Survivor Benefits for TRS

It’s never pleasant to think about our mortality, but TRS members can take comfort knowing that their designated survivors will be provided with benefits. This video takes a look at the two types of death benefits – retiree survivor benefits and active member death benefits.

To view more videos in this series, visit the TRS Member Education Videos page on the TRS website

4 Steps to Spending Your Stimulus Check Wisely

4 Steps to Spending Your Stimulus Check Wisely

Most Americans don’t have an emergency fund. While we’re all experiencing this pandemic very differently — some having only minor inconveniences and others finding themselves without a job or having to close their business — those without a savings cushion are vulnerable to feeling the ramifications of COVID-19 for a very long time.
There will be tough financial decisions to make once you receive your stimulus check. Here are active steps you can take, along with things to consider to help you develop a solid spending plan.

1. Make a list of all expenses

Write out every single expense that you have, including essentials like food and utilities. Be sure to go through your checking and savings account history to make sure you don’t have any “vampire” expenses, like monthly subscriptions that you may have forgotten about and no longer need.

2. Talk to all creditors and lenders

The CARES Act puts into effect two mortgage relief provisions: protection from foreclosure, and a right to forbearance (pausing or making partial payments) for those experiencing loss of income due to COVID-19. However, the provisions are not automatic and are only for federal loans, so you MUST talk to your lender.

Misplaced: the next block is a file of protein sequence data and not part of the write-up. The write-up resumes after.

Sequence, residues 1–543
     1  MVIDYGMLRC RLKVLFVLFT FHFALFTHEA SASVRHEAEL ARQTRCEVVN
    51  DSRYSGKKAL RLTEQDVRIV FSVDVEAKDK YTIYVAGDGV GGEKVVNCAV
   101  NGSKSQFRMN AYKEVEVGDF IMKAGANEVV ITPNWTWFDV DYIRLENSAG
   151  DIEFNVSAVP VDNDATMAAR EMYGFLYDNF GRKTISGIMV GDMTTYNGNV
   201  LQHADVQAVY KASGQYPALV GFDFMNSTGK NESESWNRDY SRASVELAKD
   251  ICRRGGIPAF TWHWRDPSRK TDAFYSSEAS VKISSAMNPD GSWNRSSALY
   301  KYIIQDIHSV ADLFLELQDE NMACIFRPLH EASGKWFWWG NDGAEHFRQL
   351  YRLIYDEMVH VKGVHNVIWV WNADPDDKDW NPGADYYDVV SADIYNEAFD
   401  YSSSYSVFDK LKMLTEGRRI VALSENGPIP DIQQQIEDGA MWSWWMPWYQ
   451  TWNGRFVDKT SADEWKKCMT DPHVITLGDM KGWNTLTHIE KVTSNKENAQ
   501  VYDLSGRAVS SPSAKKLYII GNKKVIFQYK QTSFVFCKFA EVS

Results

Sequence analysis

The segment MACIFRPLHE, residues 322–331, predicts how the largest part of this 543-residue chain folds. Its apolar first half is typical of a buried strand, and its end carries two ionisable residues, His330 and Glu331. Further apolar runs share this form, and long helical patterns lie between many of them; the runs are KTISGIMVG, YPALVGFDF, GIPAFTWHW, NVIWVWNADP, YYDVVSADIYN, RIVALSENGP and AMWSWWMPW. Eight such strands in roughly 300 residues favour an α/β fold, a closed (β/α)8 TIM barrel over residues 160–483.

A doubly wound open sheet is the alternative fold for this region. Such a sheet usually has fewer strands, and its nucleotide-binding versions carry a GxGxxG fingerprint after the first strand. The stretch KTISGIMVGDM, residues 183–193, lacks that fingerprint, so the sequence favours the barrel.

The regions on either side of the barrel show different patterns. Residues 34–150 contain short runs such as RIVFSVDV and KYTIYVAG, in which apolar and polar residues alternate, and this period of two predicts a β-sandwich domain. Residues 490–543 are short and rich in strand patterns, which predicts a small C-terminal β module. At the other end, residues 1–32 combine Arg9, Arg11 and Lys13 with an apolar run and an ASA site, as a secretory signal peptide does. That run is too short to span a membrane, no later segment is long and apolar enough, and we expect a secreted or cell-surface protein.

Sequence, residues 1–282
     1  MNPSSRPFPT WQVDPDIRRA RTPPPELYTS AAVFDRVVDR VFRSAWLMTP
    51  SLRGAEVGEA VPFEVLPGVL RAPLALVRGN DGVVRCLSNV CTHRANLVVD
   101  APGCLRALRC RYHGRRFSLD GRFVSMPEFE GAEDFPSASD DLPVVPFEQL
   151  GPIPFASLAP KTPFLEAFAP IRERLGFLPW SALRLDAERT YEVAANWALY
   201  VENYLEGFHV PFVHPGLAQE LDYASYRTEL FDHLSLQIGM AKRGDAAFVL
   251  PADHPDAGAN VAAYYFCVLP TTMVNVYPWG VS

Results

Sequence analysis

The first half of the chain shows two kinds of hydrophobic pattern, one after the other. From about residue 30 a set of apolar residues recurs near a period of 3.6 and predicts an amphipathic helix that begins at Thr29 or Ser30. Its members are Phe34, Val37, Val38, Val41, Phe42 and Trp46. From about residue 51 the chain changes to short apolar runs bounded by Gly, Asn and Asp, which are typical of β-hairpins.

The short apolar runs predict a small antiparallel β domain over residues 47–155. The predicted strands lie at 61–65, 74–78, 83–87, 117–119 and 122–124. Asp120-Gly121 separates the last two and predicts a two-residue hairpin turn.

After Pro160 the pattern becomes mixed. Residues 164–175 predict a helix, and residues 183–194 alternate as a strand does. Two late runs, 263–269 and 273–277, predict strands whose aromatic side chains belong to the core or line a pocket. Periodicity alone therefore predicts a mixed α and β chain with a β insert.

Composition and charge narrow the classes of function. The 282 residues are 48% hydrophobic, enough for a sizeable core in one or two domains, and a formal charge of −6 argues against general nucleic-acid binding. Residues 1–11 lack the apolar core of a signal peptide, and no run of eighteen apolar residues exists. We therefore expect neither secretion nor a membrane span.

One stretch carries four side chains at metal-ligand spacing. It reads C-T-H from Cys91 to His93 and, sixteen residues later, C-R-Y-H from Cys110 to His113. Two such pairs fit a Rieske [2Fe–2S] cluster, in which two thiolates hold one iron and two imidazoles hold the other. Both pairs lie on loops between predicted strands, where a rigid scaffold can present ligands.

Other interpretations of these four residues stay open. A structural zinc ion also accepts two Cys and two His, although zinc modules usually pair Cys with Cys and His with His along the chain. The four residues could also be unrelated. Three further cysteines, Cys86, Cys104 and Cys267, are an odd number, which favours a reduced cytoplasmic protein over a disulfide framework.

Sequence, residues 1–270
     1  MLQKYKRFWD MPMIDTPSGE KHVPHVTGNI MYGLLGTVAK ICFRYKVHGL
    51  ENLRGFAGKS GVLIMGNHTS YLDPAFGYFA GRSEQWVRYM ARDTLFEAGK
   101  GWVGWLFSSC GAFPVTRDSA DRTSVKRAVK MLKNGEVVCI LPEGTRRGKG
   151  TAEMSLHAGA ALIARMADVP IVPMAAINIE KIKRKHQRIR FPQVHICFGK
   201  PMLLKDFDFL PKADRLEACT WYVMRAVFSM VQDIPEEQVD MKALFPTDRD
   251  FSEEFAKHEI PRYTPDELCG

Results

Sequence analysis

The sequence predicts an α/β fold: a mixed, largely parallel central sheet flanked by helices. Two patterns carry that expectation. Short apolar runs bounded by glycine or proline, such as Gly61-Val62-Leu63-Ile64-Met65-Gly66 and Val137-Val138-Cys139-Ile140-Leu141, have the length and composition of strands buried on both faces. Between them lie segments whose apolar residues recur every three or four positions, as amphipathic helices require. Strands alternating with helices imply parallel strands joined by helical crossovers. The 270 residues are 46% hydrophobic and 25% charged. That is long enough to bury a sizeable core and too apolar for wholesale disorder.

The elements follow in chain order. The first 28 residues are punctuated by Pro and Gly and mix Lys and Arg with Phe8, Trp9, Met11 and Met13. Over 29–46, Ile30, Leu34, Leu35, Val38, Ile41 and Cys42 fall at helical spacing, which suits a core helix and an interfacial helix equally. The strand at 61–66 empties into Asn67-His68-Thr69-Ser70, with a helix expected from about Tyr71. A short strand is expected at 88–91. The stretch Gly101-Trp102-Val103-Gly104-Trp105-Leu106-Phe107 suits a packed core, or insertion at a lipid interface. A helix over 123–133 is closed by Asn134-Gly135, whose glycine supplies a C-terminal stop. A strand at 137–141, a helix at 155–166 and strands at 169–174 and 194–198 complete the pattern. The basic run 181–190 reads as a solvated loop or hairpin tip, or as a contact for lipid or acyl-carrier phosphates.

If a creditor/lender offers you a payment plan or other relief, make sure you get it in writing and take note of the names and dates of the customer service representatives with whom you speak.

Thankfully, some utility companies have announced they won’t cut off services if they aren’t being paid. Be sure you know all of your utility and service providers’ stance on this, so there are no surprises. You don’t want to make any assumptions.

3. Prioritize expenses

Expenses relating to food, shelter, and medicine should come first. This would include mortgage, rent, utilities, groceries, diapers, and medications. It also includes medical insurance premiums and homeowners/renter’s insurance.

If you need childcare to work, that is another essential expense. Next in line are auto-related expenses, including transportation, gas, insurance premiums, and car payments.

Loans that are secured by collateral (for example, mortgages and auto loans) are generally considered more important than those without collateral, like consumer credit card debt. For example, if you don’t pay your mortgage, a bank can foreclose on your property; if you don’t pay your car loan, the bank can seize your car. While not paying your credit card bills will negatively affect your credit score, credit card companies will not come into your house and take your personal possessions.

Federal student loans are currently not accruing interest until September 30, 2020, and can be put into forbearance so that no payments are due. If you have a private or institutional loan, you will have to contact the lender for other options.

Remember, if you can afford the minimum payments on your credit cards, then make those payments. It will help to maintain your credit score.

Expenses for “elective” items, like gym memberships, streaming services, and other subscriptions, come last. Before simply canceling a contract, make sure to contact the vendor – canceling may come with a hefty penalty, but you may be able to temporarily “pause” the service.